Just a week of painkiller use may up heart attack risk

Henrietta Strickland
May 13, 2017

So while the study shows that risk of a heart attack increases as soon as a few days into taking NSAIDs, the links may not be as clear as suggested, Evans said.

Overall the increase in risk of a heart attack is about 20 to 50% if using NSAIDs compared with not using these medications.

In order to determine the factors, time course, and risks of acute myocardial infarction associated with oral NSAIDs, researchers from McGill University, Montreal, Canada performed a systematic review and a one stage bayesian individual patient data meta-analysis.

Heart attack risks were higher for people on pain medications called non-steroidal anti-inflammatory drugs (NSAIDs).

Previous research has linked the use of NSAIDs to an increased risk of heart attack, but the timing of the risk, the effect of dose, treatment duration, and the comparative risks between different NSAIDs were poorly understood.

The study's authors were not able to exclude other factors that contribute to heart attacks, and some observers said the risks of NSAIDs are not definitive.

This "BMJ" report follows a study published in March in the European journal "Cardiovascular Pharmacotherapy", which showed that NSAID use was associated with heart-attack risk.

"Prescribers should consider weighing the risks and benefits of NSAIDs before instituting treatment, particularly for higher doses".

Past studies have found that common painkillers increase risk of cardiac arrest by up to a third.

"Where this study is useful is that if you're thinking about one drug over another, I wouldn't be too concerned about picking which one in terms of the ones that are available on the market because they seem to be fairly similar", Mamdani said. "But at a population level, it's important, and if people want to contribute to public health, they might wish to make more informed choices".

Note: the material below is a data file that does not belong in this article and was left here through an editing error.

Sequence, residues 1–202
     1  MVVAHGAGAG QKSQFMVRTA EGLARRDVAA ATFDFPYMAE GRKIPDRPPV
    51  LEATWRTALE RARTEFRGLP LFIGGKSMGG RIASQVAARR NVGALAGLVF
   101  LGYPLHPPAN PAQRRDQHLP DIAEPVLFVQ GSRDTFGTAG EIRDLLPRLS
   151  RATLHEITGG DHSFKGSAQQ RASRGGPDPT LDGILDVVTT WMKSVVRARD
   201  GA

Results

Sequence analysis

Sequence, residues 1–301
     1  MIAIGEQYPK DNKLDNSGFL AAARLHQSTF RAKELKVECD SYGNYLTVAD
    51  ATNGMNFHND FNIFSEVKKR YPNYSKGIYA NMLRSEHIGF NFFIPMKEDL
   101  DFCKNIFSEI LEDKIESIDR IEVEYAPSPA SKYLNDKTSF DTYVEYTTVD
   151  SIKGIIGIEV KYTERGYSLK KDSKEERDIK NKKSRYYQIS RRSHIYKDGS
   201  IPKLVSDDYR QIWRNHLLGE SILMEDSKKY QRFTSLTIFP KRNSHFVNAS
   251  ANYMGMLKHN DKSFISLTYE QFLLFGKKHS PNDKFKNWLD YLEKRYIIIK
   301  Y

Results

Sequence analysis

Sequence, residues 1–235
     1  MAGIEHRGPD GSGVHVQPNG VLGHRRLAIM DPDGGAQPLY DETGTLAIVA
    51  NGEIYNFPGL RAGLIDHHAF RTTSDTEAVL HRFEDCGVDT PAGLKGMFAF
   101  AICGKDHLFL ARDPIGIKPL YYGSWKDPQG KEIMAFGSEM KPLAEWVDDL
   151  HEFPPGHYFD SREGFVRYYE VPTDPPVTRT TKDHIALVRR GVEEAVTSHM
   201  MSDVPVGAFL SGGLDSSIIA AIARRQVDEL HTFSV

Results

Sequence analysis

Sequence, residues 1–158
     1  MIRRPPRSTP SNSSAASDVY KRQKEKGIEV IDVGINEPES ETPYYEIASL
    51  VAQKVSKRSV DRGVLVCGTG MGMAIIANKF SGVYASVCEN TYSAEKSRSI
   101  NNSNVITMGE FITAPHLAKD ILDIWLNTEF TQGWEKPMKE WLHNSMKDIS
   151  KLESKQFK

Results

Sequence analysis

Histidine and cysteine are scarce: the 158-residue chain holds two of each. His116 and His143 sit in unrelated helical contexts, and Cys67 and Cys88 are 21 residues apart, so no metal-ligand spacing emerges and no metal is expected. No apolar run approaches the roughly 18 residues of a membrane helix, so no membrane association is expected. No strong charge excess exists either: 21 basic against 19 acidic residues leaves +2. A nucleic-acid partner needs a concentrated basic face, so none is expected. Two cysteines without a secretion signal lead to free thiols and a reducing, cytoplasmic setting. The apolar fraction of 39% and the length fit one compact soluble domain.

Also the drugs had not been proved to be a direct cause of heart attack.

Dr Mike Knapton of the British Heart Foundation, suggests patients and doctors weigh up the risks and benefits of taking high doses of these common painkillers, particularly if they have survived a heart attack or are at higher risk. Each year, it's estimated that 735,000 people in the United States have a heart attack. Vioxx was pulled from the USA market in 2004 because it increased the risk of heart attack and stroke. The risk was higher for people who took 1,200 mg a day of ibuprofen-the equivalent of six standard tablets of Advil-and 750 mg a day for naproxen, the equivalent of roughly three and a half standard Aleves.

And they say without an understanding of the baseline, it is then hard to judge the impact of any possible increase in risk. Experts say this does not mean everyone should stop taking medicine for aches, pains and fevers but people who are already at risk for a heart attack should be cautious.

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